Audiology is about identifying and assessing hearing and balance function and their associated disorders.

You’d work with patients of all ages as part of a team, recommending and providing appropriate therapeutic rehabilitation and management.


Audiology is a rapidly developing field, and the need for audiological services is clear. A national study of hearing showed that approximately 16% of the population have a significant hearing loss, indicating that working in this field is an important area of the NHS.

Working life

In this area of healthcare science, you could work in areas including:

Most healthcare science staff in audiology work in a hospital, assessing and treating patients, and may reach consultant level. Many operate open referral clinics and may be the only point of contact for the patient. Some audiologists work in a university, where their job is primarily concerned with teaching and research. There are opportunities to work within the independent sector.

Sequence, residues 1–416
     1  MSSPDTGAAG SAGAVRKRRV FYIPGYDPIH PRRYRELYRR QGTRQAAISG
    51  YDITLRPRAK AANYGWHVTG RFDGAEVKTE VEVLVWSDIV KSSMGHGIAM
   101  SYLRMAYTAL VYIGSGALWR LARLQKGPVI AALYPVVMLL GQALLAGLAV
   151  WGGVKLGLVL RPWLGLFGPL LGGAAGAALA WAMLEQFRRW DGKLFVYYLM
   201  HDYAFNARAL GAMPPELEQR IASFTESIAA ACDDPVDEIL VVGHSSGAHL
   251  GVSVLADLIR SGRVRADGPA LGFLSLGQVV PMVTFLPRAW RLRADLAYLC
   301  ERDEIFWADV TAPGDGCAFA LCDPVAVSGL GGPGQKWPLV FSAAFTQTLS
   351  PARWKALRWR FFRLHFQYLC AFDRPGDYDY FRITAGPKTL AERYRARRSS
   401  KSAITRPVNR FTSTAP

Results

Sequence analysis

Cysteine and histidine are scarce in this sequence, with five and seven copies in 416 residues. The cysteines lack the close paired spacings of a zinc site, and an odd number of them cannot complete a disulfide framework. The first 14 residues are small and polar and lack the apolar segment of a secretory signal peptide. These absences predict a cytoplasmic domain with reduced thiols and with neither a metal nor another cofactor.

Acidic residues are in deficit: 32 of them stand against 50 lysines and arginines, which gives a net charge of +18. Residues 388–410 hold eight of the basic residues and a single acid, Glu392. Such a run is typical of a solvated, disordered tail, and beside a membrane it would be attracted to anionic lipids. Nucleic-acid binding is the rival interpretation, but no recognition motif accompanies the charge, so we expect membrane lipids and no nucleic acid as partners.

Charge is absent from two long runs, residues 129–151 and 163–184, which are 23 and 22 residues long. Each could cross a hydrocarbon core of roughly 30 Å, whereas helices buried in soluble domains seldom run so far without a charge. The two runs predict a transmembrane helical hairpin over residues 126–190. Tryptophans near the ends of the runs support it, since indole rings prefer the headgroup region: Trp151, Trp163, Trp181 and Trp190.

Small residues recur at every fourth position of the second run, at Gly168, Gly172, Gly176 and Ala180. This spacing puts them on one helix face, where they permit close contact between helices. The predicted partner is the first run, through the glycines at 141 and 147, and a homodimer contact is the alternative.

Roles in audiology

There are different roles within audiology that you can consider. These include:

Newborn hearing screener

As a newborn hearing screener you’d work in neonatal units, postnatal wards, and in hospitals and clinics. You’d be:

Healthcare science practitioner

At a more senior level, working as a healthcare science practitioner, you’d:

Clinical scientist

As a clinical scientist working in audiology, you’d:

As a more experienced clinical scientist, you’d generally carry out the non-routine aspects of an audiological service, involving complex hearing and balance computer-based investigations especially where a high degree of competence and responsibility is necessary. This will require background knowledge of the scientific and technological foundation on which hearing science is based and would often involve you acting as a co-ordinator, manager and initiator of service development.

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